Global and the country data on cost of sending remittances are not at all concerning for Bangladesh. The published global data on the cost of remittances show the fact that Bangladesh’s remitters avail remittance services at a much lower cost in general using formal banking channel as compared to most of the global economies.In recent time, cost of sending remittances through formal channels has gone down further.The current average cost of sending remittances for the amount in the country is not very far from the SDG target to be attained by 2030. Thus cost apparently is not a big issue; rather it is the formality, documentation and compliance requirement in using formal channel that are coming up as the biggest challenges to the remitters.

There are evidences of growing popularity of mobile based money transfer through illegal channels. There are instances, when a person is offering illegal remittance services as the agent of more than one MFS. Sometimes, remitters and recipients do not even know that these services (without engaging a bank) are illegal. Using mobile apps made the informal remittance transactions vibrant and extremely easy. There are claims that growing tendency of building second home by some Bangladeshis in certain countries pulled the demand for foreign currencies and thus incentivizing informal agents. Other than causing challenge to the formal channels, popularity of such illegal services might open door for remittance based money laundering; and such concerns have duly been shown by the BFIU in a disclosure. These are also defaming the legally established MFS services of the country. Strong enforcement of KYC and greater monitoring on the part of Central Bank might bring positive changes. The recently issued circulars of Bangladesh Bank on MFS activities might contribute in this context.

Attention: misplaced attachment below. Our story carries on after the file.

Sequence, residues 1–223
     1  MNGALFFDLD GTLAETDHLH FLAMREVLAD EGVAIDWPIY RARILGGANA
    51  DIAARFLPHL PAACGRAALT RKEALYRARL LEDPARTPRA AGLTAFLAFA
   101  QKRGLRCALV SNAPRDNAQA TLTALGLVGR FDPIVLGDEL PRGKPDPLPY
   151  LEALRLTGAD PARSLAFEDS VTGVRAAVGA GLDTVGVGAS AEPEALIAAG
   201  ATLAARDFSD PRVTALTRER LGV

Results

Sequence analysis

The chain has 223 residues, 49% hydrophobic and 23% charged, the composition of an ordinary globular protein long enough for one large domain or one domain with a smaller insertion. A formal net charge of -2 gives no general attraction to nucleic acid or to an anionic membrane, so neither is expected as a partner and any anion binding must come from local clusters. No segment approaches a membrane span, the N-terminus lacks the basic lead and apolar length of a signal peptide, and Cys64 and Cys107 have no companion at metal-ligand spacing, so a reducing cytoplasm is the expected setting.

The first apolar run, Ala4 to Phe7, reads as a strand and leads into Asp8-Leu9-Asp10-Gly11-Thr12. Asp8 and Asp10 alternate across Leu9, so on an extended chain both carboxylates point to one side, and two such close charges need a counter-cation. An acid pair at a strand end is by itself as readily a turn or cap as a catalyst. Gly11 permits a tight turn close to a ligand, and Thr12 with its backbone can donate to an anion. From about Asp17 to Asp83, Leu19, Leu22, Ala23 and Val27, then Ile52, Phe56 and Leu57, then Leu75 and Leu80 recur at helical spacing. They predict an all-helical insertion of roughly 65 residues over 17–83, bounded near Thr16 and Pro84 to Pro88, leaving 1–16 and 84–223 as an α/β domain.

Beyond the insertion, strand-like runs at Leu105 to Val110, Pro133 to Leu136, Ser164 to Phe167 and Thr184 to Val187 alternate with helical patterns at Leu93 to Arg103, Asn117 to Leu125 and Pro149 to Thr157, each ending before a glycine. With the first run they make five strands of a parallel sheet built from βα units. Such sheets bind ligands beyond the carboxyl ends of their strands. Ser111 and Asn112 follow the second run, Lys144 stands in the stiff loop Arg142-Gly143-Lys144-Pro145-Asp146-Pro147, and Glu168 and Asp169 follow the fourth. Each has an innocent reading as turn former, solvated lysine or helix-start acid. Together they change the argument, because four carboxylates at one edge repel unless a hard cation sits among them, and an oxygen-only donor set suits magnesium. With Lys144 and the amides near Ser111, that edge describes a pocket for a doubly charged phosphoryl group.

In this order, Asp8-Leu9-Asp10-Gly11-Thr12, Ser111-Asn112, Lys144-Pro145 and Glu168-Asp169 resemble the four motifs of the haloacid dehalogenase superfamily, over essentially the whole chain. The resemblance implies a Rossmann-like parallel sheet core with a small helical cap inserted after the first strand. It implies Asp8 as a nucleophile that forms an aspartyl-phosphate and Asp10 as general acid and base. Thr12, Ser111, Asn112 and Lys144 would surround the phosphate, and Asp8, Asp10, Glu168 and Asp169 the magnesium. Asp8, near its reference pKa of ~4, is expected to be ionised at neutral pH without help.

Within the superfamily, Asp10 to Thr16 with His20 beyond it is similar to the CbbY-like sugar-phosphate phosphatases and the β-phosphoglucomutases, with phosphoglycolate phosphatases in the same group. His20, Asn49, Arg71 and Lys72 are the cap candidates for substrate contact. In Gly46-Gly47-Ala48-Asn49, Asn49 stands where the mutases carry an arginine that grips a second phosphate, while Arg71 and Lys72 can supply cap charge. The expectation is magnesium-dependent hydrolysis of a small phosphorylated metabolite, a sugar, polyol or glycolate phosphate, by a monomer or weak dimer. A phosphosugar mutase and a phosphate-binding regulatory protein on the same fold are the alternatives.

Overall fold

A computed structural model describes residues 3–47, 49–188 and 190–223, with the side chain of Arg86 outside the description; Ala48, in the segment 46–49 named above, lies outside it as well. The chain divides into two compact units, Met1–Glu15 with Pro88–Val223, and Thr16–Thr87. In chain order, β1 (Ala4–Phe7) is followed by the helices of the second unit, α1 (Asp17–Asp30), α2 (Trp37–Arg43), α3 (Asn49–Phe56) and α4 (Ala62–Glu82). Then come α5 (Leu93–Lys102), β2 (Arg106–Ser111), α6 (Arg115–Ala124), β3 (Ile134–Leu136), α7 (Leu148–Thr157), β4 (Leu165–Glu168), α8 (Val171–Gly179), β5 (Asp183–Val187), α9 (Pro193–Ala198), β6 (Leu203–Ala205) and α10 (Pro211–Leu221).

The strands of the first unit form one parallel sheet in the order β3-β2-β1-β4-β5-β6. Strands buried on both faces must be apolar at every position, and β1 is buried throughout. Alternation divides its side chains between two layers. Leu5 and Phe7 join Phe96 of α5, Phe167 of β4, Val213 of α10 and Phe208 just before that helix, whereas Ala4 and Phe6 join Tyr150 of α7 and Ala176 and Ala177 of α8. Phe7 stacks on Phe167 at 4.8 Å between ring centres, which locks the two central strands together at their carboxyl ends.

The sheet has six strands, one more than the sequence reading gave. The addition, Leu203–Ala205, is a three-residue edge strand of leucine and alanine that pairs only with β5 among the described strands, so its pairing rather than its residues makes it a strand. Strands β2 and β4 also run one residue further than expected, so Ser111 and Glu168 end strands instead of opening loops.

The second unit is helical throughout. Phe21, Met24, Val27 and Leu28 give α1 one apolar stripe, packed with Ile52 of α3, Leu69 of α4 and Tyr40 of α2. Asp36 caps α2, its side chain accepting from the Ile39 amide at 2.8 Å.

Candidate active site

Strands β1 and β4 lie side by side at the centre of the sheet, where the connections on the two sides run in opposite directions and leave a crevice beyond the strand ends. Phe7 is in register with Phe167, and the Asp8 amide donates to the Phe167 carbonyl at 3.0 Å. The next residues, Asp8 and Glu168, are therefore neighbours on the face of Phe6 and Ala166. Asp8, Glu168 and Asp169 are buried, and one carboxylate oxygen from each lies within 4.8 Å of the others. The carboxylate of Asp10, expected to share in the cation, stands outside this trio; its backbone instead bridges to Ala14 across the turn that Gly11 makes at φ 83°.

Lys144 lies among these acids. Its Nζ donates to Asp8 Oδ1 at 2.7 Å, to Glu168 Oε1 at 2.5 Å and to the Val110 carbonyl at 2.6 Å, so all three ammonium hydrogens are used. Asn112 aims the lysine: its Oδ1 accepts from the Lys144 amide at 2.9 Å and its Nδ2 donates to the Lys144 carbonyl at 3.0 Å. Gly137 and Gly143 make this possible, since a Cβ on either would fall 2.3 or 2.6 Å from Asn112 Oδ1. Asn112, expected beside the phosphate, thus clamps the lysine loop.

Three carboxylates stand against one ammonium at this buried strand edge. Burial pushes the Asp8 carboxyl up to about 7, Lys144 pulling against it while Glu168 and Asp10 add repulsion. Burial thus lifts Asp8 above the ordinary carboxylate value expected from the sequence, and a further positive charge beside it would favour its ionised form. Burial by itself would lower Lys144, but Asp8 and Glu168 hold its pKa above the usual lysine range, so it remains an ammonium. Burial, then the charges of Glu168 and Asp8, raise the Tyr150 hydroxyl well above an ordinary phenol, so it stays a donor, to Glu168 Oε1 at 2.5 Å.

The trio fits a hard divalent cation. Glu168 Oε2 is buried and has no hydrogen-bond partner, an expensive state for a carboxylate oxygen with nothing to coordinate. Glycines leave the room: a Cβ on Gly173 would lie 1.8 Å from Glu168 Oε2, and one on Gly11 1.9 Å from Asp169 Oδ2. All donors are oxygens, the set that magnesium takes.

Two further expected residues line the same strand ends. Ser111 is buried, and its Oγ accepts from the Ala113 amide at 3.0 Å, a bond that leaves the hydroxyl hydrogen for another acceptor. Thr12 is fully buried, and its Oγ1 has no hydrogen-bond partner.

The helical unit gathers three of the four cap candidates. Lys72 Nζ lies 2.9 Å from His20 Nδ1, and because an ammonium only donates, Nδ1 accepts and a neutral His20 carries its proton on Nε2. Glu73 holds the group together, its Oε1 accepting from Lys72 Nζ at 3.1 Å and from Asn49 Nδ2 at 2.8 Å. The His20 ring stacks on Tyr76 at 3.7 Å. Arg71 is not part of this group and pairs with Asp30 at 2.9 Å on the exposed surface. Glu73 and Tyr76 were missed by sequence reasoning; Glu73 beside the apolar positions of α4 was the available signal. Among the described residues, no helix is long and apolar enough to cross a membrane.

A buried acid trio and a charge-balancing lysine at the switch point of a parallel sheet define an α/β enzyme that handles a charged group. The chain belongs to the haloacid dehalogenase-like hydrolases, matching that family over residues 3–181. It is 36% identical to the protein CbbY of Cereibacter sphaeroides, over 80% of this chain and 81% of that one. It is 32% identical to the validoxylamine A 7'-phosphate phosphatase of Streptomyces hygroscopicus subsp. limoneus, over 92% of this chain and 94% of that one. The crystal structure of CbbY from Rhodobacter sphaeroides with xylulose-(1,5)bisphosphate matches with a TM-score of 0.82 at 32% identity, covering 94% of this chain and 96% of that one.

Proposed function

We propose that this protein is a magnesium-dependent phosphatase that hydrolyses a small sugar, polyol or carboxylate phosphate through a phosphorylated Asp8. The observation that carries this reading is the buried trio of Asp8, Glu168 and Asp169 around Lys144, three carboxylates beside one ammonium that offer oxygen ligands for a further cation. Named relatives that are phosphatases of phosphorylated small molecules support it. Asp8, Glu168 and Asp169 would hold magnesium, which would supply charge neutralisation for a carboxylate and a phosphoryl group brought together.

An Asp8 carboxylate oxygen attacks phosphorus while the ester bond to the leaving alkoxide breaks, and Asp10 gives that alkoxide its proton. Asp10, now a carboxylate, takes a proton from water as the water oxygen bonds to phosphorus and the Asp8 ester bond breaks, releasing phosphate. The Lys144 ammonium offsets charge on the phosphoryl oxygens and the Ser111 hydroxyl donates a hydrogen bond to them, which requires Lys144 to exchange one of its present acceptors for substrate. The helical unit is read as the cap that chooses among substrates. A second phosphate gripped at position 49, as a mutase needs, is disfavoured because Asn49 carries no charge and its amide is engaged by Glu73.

There are symptoms that remitters and recipients of the remittances in the country lack information and awareness in connection with available legal and illegal channels of sending remittances. Alongside banks, MFS companies, and electronic and print media might pay crucial role in this context. All negative incentives like taxes on deposits (in the absence of e-TIN), requirement of using revenue stamps by the remitters should be removed. There are also scopes to design positive (issuing special card for the remitters, tax benefits in different investment, special deposit/loan products targeting remitters/ provisions of services by the Bangladesh Embassy etc.) and negative incentives (restriction on purchasing fixed assets etc.) for the remitters.

There is no doubt that the country cannot keep itself away from the use of technology in channeling remittances, and it is crucial to ensure greater penetration of MFS in remittance services being within the bank led formal sector model. To address illegal remittance flows through MFS, designing right kind of positive and negative incentives is crucial. Moreover, there are huge scopes to improve the quality of banking services for the remitters in banks. Banks should work to develop targeted deposit and loan products to attract remitters through banking channels; and banks should also contribute in awareness development of remitters.  Finally, a coordinated approach of the relevant stakeholders might contribute to aware remitters/recipients and to design a sound incentive structure to augment remittances through banking channels of the country.


[1] Professor and Director (Training), BIBM ([email protected]).